Hope in Shadows
Stories and Photographs of Vancouver's Downtown Eastside
Winner of the City of Vancouver Book Award
Shortlisted for the Roderick Haig-Brown Regional Prize (BC Book Prizes)
Longlisted for the George Ryga Book Award for Social Issues
Excerpted in The Globe and Mail and The Vancouver Sun and on TheTyee. ca
Residents of Vancouver's Downtown Eastside are not bound by poverty or addiction but rather driven by a sense of community, kinship, and above all, hope. For each of the past five years, Pivot Legal Society's annual Hope in Shadows photography contest has empowered residents of Vancouver's Downtown Eastside by providing them with 200 disposable cameras to document their lives--thus giving them an artistic means to enter the ongoing and often stormy dialogue over the place they call home. Since the contest's inception, DTES residents have taken over 20,000 images of their neighbourhood. Working with this archive, Brad Cran and Gillian Jerome have collected the personal stories behind these stunning photographs.
Hope in Shadows offers readers an intimate and honest look at what it really means to live in Canada's poorest neighbourhood. The result is not at all bleak, but rather is full of grace, dignity, and plain simple truths that put a human face on the single most misunderstood community in Canada. This, then, is its story: about First Nations people who survived the residential school system; sex workers whose poor treatment at the hands of authorities precipitated the murder of dozens of women; those who cope with addiction and inadequate living conditions; those who overcome loss and search for loved ones; and the transformative power of hope and forgiveness.
In surprising and astounding ways, Hope n Shadows will not only change the way you think about the Downtown Eastside and other impoverished neighbourhoods; it will also change your view of society as we know it, and of those who are forced to live in its shadows.
A co-publication with Pivot Legal Society, a nonprofit legal advocacy organization located in Vancouver's Downtown Eastside. Its mandate is to take a strategic approach to social change, using the law to address the root causes that undermine the quality of life of those most on the margins. Pivot believes that everyone, regardless of income, benefits from a healthy and inclusive community where values such as respect and equality are strongly rooted in the law.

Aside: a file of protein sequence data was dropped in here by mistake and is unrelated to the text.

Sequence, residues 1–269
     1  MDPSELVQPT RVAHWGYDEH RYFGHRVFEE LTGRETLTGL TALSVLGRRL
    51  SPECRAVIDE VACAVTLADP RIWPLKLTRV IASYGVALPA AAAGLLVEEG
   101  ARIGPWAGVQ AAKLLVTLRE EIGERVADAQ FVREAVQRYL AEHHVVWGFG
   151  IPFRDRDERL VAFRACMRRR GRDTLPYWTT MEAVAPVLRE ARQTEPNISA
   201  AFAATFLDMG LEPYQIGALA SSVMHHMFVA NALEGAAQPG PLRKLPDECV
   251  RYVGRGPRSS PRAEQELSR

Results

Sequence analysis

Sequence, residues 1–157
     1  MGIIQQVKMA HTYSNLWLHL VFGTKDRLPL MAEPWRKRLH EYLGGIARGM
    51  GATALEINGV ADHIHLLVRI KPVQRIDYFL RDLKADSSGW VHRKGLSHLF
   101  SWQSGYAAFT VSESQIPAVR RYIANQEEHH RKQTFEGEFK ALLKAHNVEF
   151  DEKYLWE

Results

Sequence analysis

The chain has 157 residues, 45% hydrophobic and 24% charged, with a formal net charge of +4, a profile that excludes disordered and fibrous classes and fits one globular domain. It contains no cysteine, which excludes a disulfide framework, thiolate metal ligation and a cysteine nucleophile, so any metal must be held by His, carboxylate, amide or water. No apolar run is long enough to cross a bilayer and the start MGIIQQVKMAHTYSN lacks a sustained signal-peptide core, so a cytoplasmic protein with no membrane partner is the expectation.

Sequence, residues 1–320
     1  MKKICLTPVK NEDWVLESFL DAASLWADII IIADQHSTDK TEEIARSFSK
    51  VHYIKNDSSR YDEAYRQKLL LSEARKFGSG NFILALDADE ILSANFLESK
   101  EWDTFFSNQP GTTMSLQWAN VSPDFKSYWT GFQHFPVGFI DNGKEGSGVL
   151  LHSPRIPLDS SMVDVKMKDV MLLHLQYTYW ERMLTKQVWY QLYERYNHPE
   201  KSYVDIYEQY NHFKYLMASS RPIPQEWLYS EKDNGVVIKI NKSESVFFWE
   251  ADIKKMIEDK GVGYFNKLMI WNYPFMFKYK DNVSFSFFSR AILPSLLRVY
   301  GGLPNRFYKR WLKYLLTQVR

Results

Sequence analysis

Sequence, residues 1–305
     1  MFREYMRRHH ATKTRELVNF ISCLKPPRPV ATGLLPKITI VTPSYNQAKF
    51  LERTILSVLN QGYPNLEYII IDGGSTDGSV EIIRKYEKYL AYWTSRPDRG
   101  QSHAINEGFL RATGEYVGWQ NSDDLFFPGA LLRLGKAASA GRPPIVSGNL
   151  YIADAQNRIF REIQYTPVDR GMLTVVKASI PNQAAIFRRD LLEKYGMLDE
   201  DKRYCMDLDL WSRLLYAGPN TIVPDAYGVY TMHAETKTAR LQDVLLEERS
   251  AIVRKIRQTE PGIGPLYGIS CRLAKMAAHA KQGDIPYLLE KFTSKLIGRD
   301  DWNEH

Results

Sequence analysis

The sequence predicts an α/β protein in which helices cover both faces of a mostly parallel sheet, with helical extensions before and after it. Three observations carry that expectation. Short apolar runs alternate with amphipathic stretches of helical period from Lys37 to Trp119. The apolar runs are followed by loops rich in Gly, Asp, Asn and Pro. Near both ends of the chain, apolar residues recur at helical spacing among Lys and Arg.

- Winner, City of Vancouver Book Award 2008
- Short-listed, Roderick Haig-Brown Regional Prize 2009
An honest portrayal of what it's like to live on Canada's poorest streets.- Where Vancouver
These images and stories provide opportunities for real insight into what people in this community are interested in, what they value, where they come from and what they continue to struggle with. ... Hope in Shadows provides a complete record of individual lives--one that succeeds in "placing individuals within a context that reveals as much about other members of society as it does about them. " In so doing, it promotes the dignity of the individual and fosters greater respect, understanding and compassion for this community.- Rabble.ca
This book is not just about the Downtown Eastside, though its pages are alive with photographs and stories of its residents. More than anything, it's proof of the compassion, resistance and love that make us human. A powerful valentine to a heartbroken city.- The Tyee
Although coverage of the Downtown Eastside may be increasing, I don't think anything that has been written about the area has really captured its essence as well as the book Hope in Shadows has. ... [It] should be essential reading for every Vancouverite. ... This book, and groups such as Pivot Legal Society, are essential to our understanding of this often neglected corner of our city.- re:place
A sense of kinship and peer support, above all else, comes through in the 32 intimate, engaging stories in Hope in Shadows. ... The stories crackle with energy, individuality, and often a determination to be heard.- Georgia Straight
The result is a collective self-portrait, one that does indeed show the vareity so essential to the neighbourhood's view of itself.- Seven Oaks
-George Fetherling, Seven Oaks